- A new educational initiative to help encourage more women to enter STEM careers has been launched in the Detroit area, the Detroit Free Press reports. As a state, Michigan reports 100,000 unfilled manufacturing jobs, many of which are in science, technology, engineering, and mathematics.
- Analysts say this has to do with outdated views of manufacturing, which makes up a large share of the industry in the state, combined with lack of information being communicated about career opportunities.
- Developed by Inforum and Bosch Community Foundation to create more awareness about STEM careers for men and women, the inSTEM initiative was launched. The idea is to develop a pipeline of trained talent in the automotive and STEM industries. The program provides women mentors for K-12 STEM educational programs to serve as role models and consulting partners to improve learning.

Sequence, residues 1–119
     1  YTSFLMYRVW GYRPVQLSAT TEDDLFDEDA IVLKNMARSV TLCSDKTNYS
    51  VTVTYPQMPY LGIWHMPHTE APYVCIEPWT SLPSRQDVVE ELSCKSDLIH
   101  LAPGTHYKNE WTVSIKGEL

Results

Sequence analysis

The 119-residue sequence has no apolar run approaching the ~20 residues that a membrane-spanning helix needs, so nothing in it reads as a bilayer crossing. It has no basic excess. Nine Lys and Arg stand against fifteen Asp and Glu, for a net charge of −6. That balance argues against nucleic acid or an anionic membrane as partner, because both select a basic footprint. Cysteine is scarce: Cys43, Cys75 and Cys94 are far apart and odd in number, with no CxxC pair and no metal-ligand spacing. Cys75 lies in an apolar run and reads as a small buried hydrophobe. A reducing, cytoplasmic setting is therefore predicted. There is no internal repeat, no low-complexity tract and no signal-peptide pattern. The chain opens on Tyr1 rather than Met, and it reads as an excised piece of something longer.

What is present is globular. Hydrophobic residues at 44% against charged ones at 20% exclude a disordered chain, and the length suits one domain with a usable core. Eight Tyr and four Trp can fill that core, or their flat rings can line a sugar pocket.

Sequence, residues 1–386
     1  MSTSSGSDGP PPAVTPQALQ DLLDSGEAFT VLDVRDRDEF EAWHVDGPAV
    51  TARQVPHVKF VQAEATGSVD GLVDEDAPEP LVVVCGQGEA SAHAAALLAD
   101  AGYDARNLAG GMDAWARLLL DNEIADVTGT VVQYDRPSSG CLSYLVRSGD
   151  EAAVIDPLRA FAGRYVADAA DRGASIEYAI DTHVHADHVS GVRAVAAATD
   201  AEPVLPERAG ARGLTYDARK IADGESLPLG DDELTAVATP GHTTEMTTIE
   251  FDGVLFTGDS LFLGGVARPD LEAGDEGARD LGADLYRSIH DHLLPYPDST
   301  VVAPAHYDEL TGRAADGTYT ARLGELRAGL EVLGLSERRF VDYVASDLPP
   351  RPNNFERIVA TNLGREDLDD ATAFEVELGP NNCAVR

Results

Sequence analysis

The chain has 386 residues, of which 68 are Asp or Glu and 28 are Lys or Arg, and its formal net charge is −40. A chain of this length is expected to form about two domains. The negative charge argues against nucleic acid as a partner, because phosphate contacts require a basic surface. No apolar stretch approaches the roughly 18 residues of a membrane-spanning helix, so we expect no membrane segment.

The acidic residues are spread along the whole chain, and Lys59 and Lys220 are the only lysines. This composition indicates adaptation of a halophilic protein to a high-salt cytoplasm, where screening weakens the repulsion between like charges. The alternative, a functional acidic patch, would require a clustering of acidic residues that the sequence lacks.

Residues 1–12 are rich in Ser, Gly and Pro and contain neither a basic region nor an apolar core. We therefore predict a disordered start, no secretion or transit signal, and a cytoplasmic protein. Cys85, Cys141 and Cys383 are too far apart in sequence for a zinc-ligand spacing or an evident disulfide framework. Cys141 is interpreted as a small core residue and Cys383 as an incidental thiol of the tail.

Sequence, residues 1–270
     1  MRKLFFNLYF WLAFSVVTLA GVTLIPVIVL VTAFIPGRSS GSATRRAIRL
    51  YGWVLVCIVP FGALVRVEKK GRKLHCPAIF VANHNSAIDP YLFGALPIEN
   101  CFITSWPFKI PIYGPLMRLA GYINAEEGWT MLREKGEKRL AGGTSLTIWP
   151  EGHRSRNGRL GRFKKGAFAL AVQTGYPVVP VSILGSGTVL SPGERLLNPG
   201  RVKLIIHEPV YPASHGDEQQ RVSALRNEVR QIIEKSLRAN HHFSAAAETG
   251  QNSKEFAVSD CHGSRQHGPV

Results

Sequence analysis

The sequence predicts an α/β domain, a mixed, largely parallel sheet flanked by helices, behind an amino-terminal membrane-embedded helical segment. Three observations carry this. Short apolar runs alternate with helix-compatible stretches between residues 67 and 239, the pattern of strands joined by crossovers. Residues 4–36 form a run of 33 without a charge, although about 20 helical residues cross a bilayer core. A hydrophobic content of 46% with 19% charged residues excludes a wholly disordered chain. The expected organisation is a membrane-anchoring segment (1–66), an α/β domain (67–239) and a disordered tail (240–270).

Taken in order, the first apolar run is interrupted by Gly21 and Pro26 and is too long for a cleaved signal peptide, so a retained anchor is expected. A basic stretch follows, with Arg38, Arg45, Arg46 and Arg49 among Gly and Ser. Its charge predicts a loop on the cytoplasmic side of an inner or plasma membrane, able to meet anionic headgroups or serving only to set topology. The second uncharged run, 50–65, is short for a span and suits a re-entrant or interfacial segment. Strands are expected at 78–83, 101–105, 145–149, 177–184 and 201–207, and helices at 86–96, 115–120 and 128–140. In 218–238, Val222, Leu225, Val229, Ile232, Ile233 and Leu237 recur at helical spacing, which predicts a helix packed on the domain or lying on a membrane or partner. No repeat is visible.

Like many other states, Michigan has carefully evaluated its future workforce needs and is putting a great deal of effort into investing in K-12 learning in critical areas of the STEM market. This new initiative, headed up by powerful employers in the region, provides an important opportunity for young women and men to find role models that they can learn from and develop real careers.
Similar educational programs are not only happening in the schools. Some programs are recruiting high school students for internships leading to future career placement. For many in the manufacturing industry, the key is breaking through that image gap early on, and exposing young people to the myriad of opportunities in an industry long seen as backbreaking or without room for growth.
Is the initiative enough to encourage more women to get into STEM career paths? This remains to be seen, but it seems a step in the right direction.